Will This Stock Bounce Back in 2013?

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Diamond Food (NASDAQ: DMND), a popular snacks maker, is facing a tough time and is losing its shine because of the accounting scandal and resultant loss in the fourth quarter. The company’s stock is currently trading at ~$14 which is down 56% year to date. It seems the company has a tough road ahead and will take time to come back on track. The probe into its accounting irregularities tarnished its image and lost its customers’ confidence and also casts a shadow of doubt over future investment returns.

The popular snack maker is under an investigation which revealed that there was an accounting mistake of $80 million in payments made to walnut farmers in 2010 and 2011. Diamond's walnut growers were paid in installments, with the final payment for the previous year's crop to be paid in the next year. In September, 2011 when the farmers were paid, it was not clear whether it was an advance for next year’s crop or the final payment of the last year’s dues.

The SEC opened an investigation and the Audit Committee exposed the whole scandal. It was then realized that what the company actually did was to postpone the recording of walnut acquired last year to the year of actual payment, thereby recording expenses in different periods and thus fictitiously reducing the overall cost to the company for that year. Along with that the company would initially budget a sizeable closing stock to increase the supply from farmers because more supply means reduced buying prices and later on reported lower inventory in its financials. Executive Bonuses were largely linked to the earnings of the company and the scandal helped them in maximizing yearly earnings.

This scandal forced it to lose its deal with Procter & Gamble as the company was about to purchase P&G’s Pringle's potato chips business for $3.25 billion. Kellogg (NYSE: K) took advantage of Diamond Food's accounting probe which delayed its deal for purchasing Pringle's Potato chips from Procter & Gamble. It purchased Pringle's for $2.7 billion, which increased its international presence by 2%. Furthermore with aggressive promotional activities Pringles captured 11% of the market share in the last quarter, which is considered to be the highest since 2009. Kellogg holds a strong product pipeline of Kashi Berry, Cinnamon Jacks, Special K Chocolate Strawberry and Mini wheat’s Crunch, Keebler and Nutri-Grain for 2013 which will help the company to generate growing revenue in the future. The company is also increasing its footprint in the emerging markets like China where it has made a joint venture with Wilmer International to make good use of the opportunity of the growing Chinese snack market. The Company’s stock is currently trading at $56.75 which is up 12% year to date.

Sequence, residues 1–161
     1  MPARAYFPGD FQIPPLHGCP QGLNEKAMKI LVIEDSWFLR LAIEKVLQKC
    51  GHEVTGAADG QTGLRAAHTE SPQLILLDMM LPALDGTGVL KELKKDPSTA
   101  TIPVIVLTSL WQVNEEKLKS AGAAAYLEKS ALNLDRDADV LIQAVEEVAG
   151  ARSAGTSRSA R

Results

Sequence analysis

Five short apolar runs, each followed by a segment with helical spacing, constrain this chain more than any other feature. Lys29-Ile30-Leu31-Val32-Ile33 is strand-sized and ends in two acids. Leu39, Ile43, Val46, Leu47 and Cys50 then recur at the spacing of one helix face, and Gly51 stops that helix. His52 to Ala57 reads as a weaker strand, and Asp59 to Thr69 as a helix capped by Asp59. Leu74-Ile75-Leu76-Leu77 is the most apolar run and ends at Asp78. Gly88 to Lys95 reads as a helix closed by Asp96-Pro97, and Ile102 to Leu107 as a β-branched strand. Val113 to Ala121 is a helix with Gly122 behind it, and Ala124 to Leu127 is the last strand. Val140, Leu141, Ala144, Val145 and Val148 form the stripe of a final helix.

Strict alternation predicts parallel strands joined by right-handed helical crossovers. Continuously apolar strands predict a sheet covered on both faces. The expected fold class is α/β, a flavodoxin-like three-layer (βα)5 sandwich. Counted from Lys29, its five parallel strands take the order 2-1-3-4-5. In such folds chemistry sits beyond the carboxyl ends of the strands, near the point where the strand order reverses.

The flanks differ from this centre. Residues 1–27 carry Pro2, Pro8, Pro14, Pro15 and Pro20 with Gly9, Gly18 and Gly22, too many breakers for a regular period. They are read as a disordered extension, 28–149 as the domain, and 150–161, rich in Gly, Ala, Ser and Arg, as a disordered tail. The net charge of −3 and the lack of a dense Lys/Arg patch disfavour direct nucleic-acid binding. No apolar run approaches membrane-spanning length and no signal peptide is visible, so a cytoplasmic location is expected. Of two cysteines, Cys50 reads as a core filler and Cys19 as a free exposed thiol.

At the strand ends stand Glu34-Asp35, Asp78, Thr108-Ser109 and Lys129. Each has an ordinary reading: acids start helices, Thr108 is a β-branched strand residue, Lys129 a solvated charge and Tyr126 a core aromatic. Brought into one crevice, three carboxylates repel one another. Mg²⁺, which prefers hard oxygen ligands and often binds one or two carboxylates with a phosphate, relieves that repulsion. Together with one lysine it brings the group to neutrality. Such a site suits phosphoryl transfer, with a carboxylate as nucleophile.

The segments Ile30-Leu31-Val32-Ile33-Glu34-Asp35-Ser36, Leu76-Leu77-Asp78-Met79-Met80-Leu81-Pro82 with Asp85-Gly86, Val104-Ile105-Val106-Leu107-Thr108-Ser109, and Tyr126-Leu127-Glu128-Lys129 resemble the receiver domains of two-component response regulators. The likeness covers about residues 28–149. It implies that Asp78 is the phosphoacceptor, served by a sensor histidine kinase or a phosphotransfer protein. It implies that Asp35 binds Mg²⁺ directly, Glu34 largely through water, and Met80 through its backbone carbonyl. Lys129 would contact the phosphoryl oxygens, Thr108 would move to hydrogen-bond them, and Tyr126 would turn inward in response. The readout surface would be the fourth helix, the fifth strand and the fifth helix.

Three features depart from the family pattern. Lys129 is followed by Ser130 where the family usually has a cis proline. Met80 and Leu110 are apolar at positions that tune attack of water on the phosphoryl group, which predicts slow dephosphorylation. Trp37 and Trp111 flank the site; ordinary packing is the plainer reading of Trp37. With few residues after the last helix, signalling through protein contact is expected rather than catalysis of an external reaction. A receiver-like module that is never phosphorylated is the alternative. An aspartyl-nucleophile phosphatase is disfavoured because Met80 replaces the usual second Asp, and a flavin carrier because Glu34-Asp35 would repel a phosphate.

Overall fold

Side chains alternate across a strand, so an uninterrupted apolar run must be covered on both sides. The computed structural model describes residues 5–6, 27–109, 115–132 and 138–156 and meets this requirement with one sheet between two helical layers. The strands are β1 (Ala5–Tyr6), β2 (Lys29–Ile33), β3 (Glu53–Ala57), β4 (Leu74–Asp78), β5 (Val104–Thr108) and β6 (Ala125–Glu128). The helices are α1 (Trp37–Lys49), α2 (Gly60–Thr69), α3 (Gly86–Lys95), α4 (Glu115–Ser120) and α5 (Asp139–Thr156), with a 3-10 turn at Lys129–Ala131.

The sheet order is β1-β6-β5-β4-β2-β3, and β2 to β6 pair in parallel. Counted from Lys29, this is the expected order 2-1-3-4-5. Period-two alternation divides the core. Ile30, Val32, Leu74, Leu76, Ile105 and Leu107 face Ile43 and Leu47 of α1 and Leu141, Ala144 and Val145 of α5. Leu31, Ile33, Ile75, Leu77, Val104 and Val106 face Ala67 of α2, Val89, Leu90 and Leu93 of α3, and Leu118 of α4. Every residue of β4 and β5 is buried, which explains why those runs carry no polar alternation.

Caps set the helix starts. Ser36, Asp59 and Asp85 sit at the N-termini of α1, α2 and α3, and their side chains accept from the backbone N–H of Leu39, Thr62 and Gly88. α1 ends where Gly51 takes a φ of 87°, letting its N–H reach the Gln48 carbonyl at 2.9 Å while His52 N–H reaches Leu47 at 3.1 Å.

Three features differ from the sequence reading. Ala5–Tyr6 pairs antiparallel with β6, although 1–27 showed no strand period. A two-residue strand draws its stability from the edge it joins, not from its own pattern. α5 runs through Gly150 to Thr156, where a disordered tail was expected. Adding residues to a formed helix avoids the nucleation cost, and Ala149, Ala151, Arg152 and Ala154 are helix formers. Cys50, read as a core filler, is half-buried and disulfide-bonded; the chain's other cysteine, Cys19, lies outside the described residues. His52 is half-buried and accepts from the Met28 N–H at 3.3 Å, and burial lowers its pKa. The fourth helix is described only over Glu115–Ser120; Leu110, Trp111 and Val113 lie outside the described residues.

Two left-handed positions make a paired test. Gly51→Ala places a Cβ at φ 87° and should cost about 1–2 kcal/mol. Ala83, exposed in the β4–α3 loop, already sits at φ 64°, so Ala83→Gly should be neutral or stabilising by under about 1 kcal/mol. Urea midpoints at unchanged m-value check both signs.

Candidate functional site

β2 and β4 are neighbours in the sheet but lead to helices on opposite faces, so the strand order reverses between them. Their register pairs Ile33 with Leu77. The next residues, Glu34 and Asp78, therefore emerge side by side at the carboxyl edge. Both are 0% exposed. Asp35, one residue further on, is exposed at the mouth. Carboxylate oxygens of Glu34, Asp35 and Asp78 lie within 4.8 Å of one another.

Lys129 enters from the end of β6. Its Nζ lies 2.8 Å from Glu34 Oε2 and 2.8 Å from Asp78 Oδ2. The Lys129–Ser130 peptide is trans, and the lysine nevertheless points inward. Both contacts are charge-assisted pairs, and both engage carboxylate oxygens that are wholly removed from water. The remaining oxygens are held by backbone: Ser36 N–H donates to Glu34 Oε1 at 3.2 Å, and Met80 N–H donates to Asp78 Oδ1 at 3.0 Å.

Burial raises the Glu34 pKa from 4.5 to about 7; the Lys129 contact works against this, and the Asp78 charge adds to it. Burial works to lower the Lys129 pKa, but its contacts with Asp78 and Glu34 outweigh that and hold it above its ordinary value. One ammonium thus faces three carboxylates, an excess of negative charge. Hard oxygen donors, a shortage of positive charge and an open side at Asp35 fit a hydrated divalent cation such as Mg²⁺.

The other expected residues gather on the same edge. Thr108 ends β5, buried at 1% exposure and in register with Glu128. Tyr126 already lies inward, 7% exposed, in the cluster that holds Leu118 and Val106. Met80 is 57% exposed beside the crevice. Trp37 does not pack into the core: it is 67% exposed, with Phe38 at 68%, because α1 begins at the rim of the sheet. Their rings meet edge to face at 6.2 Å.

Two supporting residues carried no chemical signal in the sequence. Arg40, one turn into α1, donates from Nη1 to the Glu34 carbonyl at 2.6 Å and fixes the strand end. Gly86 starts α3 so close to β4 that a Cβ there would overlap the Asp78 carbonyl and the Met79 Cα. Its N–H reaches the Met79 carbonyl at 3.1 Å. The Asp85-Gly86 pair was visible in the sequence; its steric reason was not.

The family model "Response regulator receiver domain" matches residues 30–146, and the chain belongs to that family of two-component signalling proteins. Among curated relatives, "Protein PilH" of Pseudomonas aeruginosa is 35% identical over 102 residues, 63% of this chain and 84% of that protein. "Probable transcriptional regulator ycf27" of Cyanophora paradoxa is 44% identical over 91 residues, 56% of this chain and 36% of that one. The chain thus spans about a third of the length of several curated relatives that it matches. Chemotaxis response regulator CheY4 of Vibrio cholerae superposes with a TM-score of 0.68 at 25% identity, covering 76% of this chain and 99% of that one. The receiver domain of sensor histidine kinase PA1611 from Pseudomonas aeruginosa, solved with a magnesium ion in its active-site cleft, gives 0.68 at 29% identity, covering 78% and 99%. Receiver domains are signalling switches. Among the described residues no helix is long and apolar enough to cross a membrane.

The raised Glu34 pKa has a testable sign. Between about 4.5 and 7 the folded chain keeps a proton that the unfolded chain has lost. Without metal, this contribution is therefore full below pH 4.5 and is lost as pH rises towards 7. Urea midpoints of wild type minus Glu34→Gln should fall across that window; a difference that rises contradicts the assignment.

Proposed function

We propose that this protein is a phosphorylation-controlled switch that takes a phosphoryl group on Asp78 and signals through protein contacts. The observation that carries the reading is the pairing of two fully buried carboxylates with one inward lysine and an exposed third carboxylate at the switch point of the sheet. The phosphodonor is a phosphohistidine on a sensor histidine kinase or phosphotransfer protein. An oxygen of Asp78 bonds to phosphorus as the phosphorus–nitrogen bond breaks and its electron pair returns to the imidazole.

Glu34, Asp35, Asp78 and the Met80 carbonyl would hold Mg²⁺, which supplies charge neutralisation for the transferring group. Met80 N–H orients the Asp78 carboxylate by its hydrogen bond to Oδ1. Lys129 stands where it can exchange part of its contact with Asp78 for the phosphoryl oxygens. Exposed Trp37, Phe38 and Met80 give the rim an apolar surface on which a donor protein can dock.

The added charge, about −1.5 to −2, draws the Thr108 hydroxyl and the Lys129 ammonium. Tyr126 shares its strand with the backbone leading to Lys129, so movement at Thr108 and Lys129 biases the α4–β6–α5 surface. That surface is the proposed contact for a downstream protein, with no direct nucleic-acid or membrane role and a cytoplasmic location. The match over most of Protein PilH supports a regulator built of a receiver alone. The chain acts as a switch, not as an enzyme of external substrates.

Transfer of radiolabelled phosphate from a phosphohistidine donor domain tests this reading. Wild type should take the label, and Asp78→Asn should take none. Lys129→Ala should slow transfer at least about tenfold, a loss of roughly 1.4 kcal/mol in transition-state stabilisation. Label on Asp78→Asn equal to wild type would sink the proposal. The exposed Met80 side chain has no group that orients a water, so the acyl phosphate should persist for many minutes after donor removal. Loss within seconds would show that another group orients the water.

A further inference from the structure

On the other hand General Mills (NYSE: GIS) is giving it tough competition too. General Mills carries some of the best brands like Yoplait, Pillsbury, Progresso, Nature Valley and Cheerios. Its acquisition of Yoplait (which I have covered in my last post) ramped up its international sales and contributes 14% of revenue from the US. It also made another acquisition of Yoki, the company known for its aggressive promotional activities and which generates $550 million of sales every year. It has planned to introduce 70 new products in 2013 beginning out of which 35 will be in the yogurt category. Emerging markets like India and China are its key focus areas.

Coming back to Diamond Food, I see a rough ride for this stock ahead. The net sales of the company during the quarter decreased 5% to $224.0 million in 4Q12 from $234.71 million in4Q11. The main reason behind this reduction in sales was a sharp drop in its international non-retail sales which were down 85% to $4.56 million only in 4Q12 from $29.84 million in 4Q11 due to the major drop in delivery of walnuts to the company. Also, North American Foodservice/others were down by 22% from $11.96 million in 4Q11 to $9.37 million in 4Q12. The company’s stock price has been continuously declining all throughout the year. Though the company is making efforts to restore its damaged relationship with the walnut growers and also trying to cover up its loss by cutting down its overhead, I think the recovery will take a long time to show any impact on its financials.


ShwetaDubey has no positions in the stocks mentioned above. The Motley Fool has no positions in the stocks mentioned above. Try any of our Foolish newsletter services free for 30 days. We Fools may not all hold the same opinions, but we all believe that considering a diverse range of insights makes us better investors. The Motley Fool has a disclosure policy. Is this post wrong? Click here. Think you can do better? Join us and write your own!

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